# Message #3680

From: dinicuros97@gmail.com

Subject: Re: Introduction of the 307th solver

Date: Wed, 01 Mar 2017 00:51:31 +0000

Hi everyone,

I don’t plan to attempt 4d blindsolving, as I’m not that good at 3d either. But I have some ideas about how it might be done.

For solving 3 and 2-colored pieces, a modification of Old Pochmann (OP) should work very well, as they behave similarly to how corners and edges behave on a 3d cube (parities of permutations of 3 and 2-colored pieces are same and can be both even or odd). I haven’t tried the method I came up with, as I solved the cube only twice and finding correct setup moves would be really hard for me. However it seems like major advantages of OP may be preserved. Simpler setup moves than those in other methods and overall simplicity. Of course, that is coupled with a large move count. This is irrelevant, however, if macros are allowed.

2-colored pieces are solved using a modified T permutation and the same concept as on the 3d cube, in every step a buffer is swapped with a target and same two 3-colored pieces are swapped.

3-colored pieces are similarly solved with a modified Y permutation.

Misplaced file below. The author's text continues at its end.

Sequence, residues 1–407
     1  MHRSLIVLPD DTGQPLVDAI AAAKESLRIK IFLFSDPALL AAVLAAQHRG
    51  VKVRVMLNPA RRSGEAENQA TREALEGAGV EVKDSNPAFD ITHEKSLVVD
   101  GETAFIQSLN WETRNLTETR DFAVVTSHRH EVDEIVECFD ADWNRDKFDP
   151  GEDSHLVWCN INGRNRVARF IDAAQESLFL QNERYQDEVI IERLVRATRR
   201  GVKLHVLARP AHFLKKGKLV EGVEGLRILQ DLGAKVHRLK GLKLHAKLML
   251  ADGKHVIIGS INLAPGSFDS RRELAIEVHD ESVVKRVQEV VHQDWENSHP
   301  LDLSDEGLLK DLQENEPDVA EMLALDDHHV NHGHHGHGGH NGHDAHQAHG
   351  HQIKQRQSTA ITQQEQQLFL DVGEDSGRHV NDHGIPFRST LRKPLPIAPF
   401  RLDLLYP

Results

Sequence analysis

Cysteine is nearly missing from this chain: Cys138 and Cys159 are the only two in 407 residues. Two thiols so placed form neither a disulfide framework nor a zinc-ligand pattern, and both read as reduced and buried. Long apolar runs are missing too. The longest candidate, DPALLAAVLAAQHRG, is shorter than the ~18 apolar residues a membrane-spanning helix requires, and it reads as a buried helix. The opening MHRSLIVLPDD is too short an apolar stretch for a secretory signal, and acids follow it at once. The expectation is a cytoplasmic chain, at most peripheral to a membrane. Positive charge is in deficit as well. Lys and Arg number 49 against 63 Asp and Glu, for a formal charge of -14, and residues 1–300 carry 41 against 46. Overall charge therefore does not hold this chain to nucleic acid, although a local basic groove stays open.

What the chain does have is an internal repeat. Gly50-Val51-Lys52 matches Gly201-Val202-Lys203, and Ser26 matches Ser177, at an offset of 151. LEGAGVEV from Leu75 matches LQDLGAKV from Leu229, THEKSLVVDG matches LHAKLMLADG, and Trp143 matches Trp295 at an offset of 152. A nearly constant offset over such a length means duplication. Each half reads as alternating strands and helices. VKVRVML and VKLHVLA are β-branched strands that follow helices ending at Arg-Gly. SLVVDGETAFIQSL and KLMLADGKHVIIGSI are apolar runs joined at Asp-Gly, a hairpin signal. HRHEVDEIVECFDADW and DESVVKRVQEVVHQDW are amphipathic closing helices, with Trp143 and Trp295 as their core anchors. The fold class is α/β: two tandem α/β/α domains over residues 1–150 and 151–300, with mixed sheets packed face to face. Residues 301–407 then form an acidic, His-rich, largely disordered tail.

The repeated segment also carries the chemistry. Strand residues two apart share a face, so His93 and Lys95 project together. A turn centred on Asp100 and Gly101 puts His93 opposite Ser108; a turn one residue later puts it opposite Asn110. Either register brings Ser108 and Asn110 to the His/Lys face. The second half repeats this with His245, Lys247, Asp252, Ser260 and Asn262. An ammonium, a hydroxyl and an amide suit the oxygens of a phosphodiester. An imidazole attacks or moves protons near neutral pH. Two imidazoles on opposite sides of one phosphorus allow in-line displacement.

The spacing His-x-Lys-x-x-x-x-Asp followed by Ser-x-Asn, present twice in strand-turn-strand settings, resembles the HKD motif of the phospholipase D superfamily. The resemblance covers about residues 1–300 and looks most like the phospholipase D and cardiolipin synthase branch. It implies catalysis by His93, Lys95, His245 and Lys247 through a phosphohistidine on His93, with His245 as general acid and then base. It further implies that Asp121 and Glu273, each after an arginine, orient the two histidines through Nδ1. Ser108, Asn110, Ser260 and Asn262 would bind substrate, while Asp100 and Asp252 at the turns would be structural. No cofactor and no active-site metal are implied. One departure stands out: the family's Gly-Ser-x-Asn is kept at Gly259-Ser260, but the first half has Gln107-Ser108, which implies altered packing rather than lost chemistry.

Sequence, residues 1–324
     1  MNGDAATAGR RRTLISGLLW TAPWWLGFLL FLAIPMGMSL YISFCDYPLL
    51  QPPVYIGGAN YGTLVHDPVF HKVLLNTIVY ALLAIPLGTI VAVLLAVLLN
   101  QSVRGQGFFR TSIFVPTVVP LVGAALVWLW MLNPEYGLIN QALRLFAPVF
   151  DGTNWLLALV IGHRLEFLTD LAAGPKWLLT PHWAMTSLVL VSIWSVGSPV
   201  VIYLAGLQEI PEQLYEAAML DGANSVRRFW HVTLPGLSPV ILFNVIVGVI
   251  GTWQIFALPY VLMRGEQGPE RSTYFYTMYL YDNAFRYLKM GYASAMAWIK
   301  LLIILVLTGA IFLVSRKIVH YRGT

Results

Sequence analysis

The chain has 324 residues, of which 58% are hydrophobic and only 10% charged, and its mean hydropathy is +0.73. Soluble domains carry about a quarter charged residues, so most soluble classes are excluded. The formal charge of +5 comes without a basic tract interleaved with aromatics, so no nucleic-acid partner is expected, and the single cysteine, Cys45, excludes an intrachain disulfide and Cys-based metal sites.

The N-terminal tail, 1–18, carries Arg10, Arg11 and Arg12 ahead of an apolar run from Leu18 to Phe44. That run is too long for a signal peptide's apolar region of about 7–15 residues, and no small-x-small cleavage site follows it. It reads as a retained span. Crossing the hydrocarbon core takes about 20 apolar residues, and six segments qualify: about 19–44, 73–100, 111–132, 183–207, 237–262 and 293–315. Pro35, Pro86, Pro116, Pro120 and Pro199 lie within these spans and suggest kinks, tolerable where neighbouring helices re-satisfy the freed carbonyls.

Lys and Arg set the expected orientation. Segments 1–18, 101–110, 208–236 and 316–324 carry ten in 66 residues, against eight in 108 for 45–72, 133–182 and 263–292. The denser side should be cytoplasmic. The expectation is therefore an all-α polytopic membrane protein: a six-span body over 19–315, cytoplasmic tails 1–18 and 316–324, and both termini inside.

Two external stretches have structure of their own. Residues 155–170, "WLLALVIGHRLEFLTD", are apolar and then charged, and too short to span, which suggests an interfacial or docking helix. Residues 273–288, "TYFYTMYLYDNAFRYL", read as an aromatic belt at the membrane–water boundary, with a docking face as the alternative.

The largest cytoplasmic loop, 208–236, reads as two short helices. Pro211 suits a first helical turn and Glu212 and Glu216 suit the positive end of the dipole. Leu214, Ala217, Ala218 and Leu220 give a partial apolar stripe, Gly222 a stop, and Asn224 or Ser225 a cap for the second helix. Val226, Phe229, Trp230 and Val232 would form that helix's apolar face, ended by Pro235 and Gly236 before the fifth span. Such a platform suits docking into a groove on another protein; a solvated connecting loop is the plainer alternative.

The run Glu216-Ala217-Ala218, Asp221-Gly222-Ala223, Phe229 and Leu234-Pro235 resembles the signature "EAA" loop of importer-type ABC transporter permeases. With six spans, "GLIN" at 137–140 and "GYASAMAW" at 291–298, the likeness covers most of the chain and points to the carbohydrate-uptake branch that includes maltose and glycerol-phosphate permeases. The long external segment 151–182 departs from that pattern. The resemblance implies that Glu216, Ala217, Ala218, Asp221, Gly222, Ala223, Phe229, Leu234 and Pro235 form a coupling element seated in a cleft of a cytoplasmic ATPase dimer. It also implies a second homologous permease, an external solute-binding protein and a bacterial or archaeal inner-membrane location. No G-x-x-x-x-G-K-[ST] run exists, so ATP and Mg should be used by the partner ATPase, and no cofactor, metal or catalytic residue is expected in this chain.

Same as on the 3d cube, a parity might occur. Using macros I created it is fixed by J permutation, rather than R permutation used in OP. This step should be done between solving 2-colored and solving 3-colored pieces (same as in OP).

The only real difference is that you can end up with 1 incorrectly oriented 3-colored piece, but that is easily fixed by one more macro that solves it.

Solving 4-colored pieces can’t be done in a similar fashion as all the possible permutation are even, so no 2 corners can be swapped. Maybe it’s best to memorize them last and solve them first, freestyle, using 3-cycles and single corner orientations. Anyway, people have done 2x2x2x2 blindfolded so they probably know how corners should be solved better than I do .

Someone might find the set of macros I provided insufficient, but similarly to how Old Pochmann uses J permutation for edges, because it’s just easier to do setup moves for J than for T in some cases, one can also develop some new macros they find useful for skipping long setups.

Reference stickers I use are a bit odd so I marked them on one of the attachments.

Good luck,

Uros